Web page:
01 Sep Five Movies Every Architect or Architecture Lover Must See
We love cinema and its ability to explore space and time like no other form of art. Here is a selection of films that do not revolve around architecture but are, to some extent, driven by it and complemented by it.
Metropolis (Fritz Lang, 1927)
This German expressionist sci-fi silent film is considered as one of the founding stones of sci-fi cinema. It is set in a dystopian future, with a plot that revolves around the union among classes. We included Metropolis in this list due to its special effects and art that turn every frame into an amazing approach to this futurist city. One of the most distinctive aspects of German expressionism is its extreme contrast between lights and shadows, which makes the takes of this fictitious city a true work of art for us to admire.
Blade Runner 2049 (Denis Villeneuve, 2017)
This film, sequel to one of the most iconic sci-fi films of all time, takes us through a fascinating and unforgettable architectural journey. As its name says, it is set in 2049, and it follows the original conflict of men vs. machines. Besides its plot, the art department executed a work that is worth all the praise there can be. We see futurist buildings, places in ruins, laboratories, roads and even interiors that truly take us to this future. The lighting provides the emotion and enhancement that each corner requires, turning the scenarios into one of the main characters of the story.
Inception (Christopher Nolan, 2010)
Probably Nolan’s most famous film, this sci-fi story follows two corporate spies that use military technology to enter their targets’ minds in order to extract information through a dream world. This plot is complemented by an impressive range of special effects that let us explore the dream world. Buildings can fold, roads merge with each other and gravity works in strange ways. It is a truly hypnotic visual experience.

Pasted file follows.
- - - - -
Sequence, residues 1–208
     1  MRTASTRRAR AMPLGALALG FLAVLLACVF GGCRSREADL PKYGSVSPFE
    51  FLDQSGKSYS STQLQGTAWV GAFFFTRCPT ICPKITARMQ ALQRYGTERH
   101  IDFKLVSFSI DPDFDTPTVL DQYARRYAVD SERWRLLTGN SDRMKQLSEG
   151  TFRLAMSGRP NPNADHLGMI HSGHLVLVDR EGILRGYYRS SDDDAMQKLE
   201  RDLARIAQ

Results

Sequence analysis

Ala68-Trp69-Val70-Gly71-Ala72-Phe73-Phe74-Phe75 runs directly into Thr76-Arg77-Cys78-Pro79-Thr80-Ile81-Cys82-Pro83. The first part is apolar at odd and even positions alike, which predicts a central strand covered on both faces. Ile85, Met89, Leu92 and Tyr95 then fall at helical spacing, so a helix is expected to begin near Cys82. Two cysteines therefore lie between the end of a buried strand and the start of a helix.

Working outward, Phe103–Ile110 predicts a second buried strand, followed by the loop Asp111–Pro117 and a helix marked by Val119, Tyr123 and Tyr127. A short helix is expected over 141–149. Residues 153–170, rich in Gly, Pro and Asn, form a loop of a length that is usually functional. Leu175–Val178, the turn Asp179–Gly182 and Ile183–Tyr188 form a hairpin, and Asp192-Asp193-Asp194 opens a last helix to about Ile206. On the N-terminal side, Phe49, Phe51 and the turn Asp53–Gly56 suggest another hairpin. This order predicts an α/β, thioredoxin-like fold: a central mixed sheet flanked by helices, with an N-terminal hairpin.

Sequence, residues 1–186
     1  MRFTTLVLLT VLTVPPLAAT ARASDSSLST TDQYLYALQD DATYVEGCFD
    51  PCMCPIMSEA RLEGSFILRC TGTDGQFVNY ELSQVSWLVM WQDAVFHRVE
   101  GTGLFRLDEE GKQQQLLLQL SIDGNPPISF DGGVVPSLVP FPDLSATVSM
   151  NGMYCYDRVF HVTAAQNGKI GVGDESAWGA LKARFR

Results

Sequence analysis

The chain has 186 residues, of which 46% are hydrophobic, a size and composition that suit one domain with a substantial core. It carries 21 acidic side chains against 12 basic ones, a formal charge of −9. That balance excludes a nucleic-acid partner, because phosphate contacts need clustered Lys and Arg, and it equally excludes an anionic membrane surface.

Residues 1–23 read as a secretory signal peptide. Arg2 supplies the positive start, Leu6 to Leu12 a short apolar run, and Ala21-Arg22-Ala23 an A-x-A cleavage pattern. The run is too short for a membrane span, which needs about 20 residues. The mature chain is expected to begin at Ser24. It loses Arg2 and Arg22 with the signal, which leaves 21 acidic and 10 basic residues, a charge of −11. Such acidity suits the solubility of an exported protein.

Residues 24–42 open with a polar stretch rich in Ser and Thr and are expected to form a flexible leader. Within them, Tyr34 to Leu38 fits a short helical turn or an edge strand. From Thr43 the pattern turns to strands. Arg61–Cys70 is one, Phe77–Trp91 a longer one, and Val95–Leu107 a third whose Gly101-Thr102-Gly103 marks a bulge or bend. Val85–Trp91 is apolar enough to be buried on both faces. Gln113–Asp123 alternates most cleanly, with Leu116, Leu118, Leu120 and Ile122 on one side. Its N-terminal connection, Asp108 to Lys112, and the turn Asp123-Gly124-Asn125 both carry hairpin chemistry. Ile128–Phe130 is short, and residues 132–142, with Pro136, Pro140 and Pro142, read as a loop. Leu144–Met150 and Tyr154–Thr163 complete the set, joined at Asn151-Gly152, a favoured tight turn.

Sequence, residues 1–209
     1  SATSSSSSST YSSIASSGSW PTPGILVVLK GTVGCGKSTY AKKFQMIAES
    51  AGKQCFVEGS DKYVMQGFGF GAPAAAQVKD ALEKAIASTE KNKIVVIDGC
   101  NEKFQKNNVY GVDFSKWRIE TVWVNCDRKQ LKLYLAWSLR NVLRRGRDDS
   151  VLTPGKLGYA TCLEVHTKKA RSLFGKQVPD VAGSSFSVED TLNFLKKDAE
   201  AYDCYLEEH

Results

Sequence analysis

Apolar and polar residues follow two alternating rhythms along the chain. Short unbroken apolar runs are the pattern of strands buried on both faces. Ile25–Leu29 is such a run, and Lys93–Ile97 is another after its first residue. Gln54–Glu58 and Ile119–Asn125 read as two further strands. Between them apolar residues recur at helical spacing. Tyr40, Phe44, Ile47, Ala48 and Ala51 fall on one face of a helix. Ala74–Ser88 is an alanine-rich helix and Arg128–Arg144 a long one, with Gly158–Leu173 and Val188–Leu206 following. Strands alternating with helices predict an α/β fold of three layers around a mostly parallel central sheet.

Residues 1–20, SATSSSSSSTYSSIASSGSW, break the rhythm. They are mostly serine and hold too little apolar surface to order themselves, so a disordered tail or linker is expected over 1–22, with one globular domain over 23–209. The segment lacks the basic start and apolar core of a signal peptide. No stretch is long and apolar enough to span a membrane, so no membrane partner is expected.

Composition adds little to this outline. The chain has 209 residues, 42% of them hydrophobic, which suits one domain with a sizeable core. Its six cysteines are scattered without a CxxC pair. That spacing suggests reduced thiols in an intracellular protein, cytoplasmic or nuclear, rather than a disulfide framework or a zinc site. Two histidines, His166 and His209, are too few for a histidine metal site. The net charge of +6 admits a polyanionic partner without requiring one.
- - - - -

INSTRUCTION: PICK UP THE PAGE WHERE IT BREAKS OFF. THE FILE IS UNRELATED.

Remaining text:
The Grand Budapest Hotel (Wes Anderson, 2014)
Wes Anderson could easily occupy this whole list. His meticulous attention to detail, his selection of color palettes and his love for symmetry turn all of his work into a complete visual feast. We chose this film because, in addition to all of these elements, it is set in a building that we get to explore as the story develops, and it features a fascinating epoque representation influenced by the writings of Stefan Zweig.
Wings Of Desire (Wim Wenders, 1987)
This film is set in a divided Berlin seen through the eyes of two angels. One of them, played by the magnificent Bruno Ganz, falls in love and chooses to become mortal in order to experience human pleasures. It is a deeply moving story set in a beautifully photographed Berlin in black and white. Wim Wender’s eye always finds ways to translate their characters’ feelings to their scenarios, and Wings of Desire is proof of that.
These films are proof of a certain ability of some filmmakers to truly capture their surroundings and make them merge with the story they are telling. Are there any other films you would add to this list? Share them with us!